Clint Eastwood's characters in Westerns are "a model for 21st-century school leadership", a celebrated headteacher has said, calling for school leaders to become "the lone warrior, fighting for righteousness".
Sir Michael Wilshaw, head of Mossbourne Community Academy, in Hackney, often feted by education secretary Michael Gove, said heads should reject new trends towards shared or "distributed" leadership and needed "more ego".
He said schools needed powerful heads who were "entrepreneurs and empire builders" and unafraid to upset staff if it is in the long-term interests of the school.
Sir Michael, who has taken on a series of advisory roles for the Government, told the 100 Group conference of leading state and private school heads in London last week: "Take that scene in Pale Rider when the baddies are shooting up the town, the mists dissipate and Clint is there.
"Being a headteacher is all about being the lone warrior, fighting for righteousness, fighting the good fight, as powerful as any chief executive.
"I'm not that bothered about distributed leadership; I would never use it; I don't think Clint would either. We need headteachers with ego. You see heads who don't use `I' and use `we' instead, but they should.
"We need heads who enjoy power and enjoy exercising that power."
Sir Michael also tore into a stack of core initiatives started by the previous government, including Every Child Matters, personalised learning and the community cohesion duty.
He said schemes such as the national strategies took good staff away from schools: "Thank God (they are) being closed down," he said.
Sir Michael's comments will irritate many school leadership teams which have adopted the philosophy of shared or distributed leadership.
The National College, which awards the National Professional Qualification for Headship, has worked hard to debunk the myth of the "hero" or "superhead", preferring to promote a more caring and sharing approach.
But his speech chimes with the new coalition Government's view that schools should seek independence from local authorities and have more control over their finances.
Brian Lightman, general secretary of the Association of School and College Leaders, hit back at Sir Michael's Clint Eastwood call.
He told The TES: "Different schools require different styles of leadership, but schools are too complex institutions to be led by one person alone."
Toby Salt, deputy chief executive of the National College, added: "Heads make tough decisions every day and there is no one way to be a great leader."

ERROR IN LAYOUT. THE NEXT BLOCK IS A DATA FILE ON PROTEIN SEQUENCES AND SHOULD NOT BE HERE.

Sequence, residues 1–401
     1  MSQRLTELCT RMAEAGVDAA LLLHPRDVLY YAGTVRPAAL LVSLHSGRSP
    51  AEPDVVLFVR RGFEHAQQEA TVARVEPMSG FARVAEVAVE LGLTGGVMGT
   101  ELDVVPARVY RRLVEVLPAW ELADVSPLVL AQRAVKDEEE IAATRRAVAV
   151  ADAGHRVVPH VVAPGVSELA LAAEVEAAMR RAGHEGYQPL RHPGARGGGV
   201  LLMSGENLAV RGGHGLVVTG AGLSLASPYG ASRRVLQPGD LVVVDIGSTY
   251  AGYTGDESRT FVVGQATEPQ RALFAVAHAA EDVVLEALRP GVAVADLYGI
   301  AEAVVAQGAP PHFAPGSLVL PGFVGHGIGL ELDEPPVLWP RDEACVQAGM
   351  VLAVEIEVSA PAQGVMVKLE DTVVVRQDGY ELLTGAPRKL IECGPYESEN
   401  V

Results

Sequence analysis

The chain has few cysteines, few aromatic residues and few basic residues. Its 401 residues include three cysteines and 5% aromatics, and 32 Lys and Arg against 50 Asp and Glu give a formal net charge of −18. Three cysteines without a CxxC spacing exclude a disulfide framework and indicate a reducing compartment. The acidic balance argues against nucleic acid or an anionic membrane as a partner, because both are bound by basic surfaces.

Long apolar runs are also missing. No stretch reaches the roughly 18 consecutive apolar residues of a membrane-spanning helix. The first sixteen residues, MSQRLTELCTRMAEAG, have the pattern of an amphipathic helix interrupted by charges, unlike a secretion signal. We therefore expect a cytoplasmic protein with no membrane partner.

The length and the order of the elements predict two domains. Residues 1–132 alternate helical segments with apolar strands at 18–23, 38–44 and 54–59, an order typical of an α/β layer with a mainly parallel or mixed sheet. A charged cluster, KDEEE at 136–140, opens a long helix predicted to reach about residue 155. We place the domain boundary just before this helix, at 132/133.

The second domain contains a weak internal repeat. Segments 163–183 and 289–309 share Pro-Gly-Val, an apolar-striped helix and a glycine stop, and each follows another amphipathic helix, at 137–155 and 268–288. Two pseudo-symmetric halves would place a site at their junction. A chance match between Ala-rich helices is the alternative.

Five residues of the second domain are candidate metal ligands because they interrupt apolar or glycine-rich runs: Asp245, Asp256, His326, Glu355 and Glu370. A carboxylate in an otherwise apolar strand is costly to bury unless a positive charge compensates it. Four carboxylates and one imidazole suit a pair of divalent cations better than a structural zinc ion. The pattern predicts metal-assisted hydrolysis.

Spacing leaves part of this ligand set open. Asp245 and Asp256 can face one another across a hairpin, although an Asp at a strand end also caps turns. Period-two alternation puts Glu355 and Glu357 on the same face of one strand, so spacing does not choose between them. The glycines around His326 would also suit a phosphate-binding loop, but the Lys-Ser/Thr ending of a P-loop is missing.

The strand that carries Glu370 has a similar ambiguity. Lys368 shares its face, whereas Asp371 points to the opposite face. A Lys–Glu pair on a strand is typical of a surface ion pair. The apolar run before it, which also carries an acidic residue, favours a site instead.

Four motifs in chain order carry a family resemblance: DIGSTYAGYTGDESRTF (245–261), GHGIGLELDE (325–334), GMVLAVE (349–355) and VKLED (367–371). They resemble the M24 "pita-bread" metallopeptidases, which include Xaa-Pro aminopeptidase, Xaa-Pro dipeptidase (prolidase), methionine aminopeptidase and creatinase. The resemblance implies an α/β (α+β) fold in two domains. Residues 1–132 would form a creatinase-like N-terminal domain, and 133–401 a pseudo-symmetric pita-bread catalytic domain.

He said the college trained heads "so they can be confident in their decision-making and inspire others to do the same".
Heads at the 100 Group conference expressed concern that having too much authority in the hands of one person made schools vulnerable to abuse of power.
Sir Michael has been the darling of both the Labour and Tory parties because of his success at Mossbourne, which opened on the site of the failing Hackney Downs School in 2004.
Since taking on his role, his hardline approach to everything from uniform to detentions has been credited with achieving outstanding exam results. Ten of his pupils received offers from Cambridge University this year.
Some headteachers have claimed that Mossbourne creams off the most talented pupils, a charge that has been denied by Sir Michael, who is also director of education at the charity and academy chain Absolute Return for Kids (Ark).
`BOYCOTT HEADS: MY SHAME'
Sir Michael Wilshaw has infuriated unions by saying he is "ashamed" of primary heads who took part in the key stage 2 Sats boycott last year.
Sir Michael told the 100 Group conference of leading state and independent school heads: "I felt ashamed that some of the heads opted out of Sats at KS2."
Asked by The TES to expand on his statement, he said: "I was slightly surprised (that they took part in the boycott).
"There's a contract you are making; you are more powerful than you have ever been but we want you to be accountable.
"Publication of exam results has been shown to be very beneficial."
Unions, however, claim that the publication of test results and league tables is unfair and twists the curriculum towards "teaching to the test", at the expense of other learning.
Russell Hobby, general secretary of heads' union the NAHT, said: "Heads must be held accountable, but for the right things; it's about schools being measured on what matters.
"I'm proud of people who would risk careers and reputations to make that happen."